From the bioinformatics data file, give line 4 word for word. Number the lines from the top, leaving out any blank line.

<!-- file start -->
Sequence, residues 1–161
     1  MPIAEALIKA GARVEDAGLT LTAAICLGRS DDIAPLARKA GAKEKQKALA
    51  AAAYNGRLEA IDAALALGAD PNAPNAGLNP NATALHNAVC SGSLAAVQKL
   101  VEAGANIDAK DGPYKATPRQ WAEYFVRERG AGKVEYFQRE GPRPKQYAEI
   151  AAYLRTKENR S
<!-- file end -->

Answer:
   101  VEAGANIDAK DGPYKATPRQ WAEYFVRERG AGKVEYFQRE GPRPKQYAEI